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Editing and proofreading: A short guide

Top tips

Read aloud

It is a good idea to read through your essay aloud. This will give you an idea of how well your language flows. For example, if you keep stumbling or run out of breath it could be because your sentences are too long or your punctuation is in the wrong place. You might wish to find an audience for this! You'll be surprised at the mistakes you sport when performing your work. You might want to record yourself while you read so that you can listen back. Or, you could ask a friend to read it out loud to you, or use software such as MS Word ‘Speak.’ .

Distance yourself

Ideally you should leave at least a day between finishing your writing and starting to proof read. Try to plan this into your schedule. It is very easy to read what you expect to read, not what you have actually written, so you want to distance yourself from your writing and read with fresh eyes.

Could one of these techniques be useful to you?

  • Reading your essay in another room from where you wrote it
  • Printing a paper copy of the essay and making changes with a pen or pencil.
  • Making the essay look different and unfamiliar by changing the font or colour.
  • Reading backwards!
  • Proofread at the time of day when you are most alert
  • Put a piece of paper or a ruler under the line you are reading

Critical Friend

The ultimate way of distancing yourself is to ask a trusted critical friend to read through your document.

You are, of course, responsible for checking your work but a friend will have no preconceptions and may spot things you have missed.

Try not to get anxious

Do not worry about trying to find every single mistake. Nothing will ever be completely perfect. You will have have spotted mistakes in academic books, no doubt. Just aim for the best that you can do!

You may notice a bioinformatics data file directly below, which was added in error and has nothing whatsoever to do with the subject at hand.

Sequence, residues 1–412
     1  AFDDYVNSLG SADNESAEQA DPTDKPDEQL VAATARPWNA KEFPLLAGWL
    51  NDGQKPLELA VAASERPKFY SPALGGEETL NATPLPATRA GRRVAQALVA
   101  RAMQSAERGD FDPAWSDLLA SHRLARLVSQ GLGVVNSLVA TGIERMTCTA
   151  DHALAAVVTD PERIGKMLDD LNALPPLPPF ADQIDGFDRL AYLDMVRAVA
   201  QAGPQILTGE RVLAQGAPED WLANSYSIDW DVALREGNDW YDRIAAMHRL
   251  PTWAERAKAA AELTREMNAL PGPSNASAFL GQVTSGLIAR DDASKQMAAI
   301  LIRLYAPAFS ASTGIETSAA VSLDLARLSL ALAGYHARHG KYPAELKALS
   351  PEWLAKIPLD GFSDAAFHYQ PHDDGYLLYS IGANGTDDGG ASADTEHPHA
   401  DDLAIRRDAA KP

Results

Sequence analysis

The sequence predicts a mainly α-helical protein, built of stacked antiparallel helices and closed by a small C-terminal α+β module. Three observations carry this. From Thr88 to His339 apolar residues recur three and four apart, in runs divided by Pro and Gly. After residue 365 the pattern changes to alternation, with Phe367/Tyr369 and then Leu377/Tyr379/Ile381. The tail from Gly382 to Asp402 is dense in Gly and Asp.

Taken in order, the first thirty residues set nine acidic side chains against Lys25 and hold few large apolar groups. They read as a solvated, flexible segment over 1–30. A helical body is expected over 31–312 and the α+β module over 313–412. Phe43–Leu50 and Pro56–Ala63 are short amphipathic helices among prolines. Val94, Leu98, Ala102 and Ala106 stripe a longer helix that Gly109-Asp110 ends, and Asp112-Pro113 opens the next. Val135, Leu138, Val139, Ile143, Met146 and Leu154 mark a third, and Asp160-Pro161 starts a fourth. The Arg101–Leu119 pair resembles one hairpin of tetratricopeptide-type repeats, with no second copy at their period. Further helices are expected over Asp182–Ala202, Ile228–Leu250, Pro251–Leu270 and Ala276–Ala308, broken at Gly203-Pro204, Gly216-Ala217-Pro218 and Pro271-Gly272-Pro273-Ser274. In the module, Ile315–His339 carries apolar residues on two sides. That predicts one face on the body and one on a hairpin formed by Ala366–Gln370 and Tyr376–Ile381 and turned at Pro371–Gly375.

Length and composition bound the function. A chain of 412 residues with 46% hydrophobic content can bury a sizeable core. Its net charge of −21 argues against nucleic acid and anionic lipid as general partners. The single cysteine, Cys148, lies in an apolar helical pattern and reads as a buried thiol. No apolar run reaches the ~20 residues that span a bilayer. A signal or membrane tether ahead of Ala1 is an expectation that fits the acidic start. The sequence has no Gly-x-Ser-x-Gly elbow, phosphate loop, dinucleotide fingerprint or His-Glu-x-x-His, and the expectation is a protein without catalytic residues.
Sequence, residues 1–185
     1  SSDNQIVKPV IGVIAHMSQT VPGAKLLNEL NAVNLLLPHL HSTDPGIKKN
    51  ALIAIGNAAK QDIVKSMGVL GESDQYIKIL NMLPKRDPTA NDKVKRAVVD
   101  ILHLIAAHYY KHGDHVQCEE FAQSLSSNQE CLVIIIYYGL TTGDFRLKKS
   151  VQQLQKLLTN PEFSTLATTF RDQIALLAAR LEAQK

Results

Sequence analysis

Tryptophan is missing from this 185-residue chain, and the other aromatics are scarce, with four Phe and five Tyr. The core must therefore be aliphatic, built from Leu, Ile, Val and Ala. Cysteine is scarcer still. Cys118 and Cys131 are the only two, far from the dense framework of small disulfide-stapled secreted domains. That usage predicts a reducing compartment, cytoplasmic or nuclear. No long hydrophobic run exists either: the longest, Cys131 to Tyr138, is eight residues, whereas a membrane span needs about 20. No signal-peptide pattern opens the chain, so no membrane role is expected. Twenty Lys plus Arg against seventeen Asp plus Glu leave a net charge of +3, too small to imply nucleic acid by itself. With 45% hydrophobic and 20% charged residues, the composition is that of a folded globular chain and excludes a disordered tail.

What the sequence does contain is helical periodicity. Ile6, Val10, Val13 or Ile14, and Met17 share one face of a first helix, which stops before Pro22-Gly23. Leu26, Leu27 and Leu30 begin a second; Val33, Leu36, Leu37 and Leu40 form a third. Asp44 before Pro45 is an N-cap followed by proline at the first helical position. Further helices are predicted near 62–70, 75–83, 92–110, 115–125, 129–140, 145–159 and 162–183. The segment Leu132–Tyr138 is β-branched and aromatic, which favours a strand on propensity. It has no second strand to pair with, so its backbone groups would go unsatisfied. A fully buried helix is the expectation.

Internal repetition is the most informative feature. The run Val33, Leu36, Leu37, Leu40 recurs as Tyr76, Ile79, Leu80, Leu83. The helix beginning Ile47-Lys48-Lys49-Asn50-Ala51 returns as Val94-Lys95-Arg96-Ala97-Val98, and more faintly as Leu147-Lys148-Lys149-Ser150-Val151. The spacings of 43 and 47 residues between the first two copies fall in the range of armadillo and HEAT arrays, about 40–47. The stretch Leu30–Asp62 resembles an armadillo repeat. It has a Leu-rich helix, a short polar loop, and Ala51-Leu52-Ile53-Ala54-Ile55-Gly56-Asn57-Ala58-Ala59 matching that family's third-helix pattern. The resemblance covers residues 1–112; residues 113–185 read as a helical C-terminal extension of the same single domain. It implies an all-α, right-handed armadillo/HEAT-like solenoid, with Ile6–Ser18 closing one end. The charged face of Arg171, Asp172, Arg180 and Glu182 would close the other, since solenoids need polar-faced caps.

Proofreading your references

It is a good idea to check the referencing requirements for your course ahead of time. You could check with your tutor or look at your course handbook and guidance on Canvas. 

Reference management software and proofreading.

  • Do not assume that any software you may have used to manage and create your references has done a perfect job. They can all make mistakes. 
  • Please note that there are different variations of the Harvard style of referencing.  Examples in the iCite Harvard pages use the Cite them right Harvard style, as used in the “Cite them right” guide (Pears and Shields, 2019) and the online resource “Cite them right online”.
  • If you are using EndNote Online (or Desktop) and wish to produce citations and references as per the examples in the iCite Harvard pages (and Cite them right), then choose the “Cite them right Harvard” style from the lists available in EndNote.
  • If you are using Vancouver you may have to convert journal titles to abbreviations if the software has not done this for you.
  • If you are an undergraduate or taught postgraduate (PGT) student, you might want to book an appointment with the Academic Skills Centre to discuss referencing and EndNote Online queries.

 

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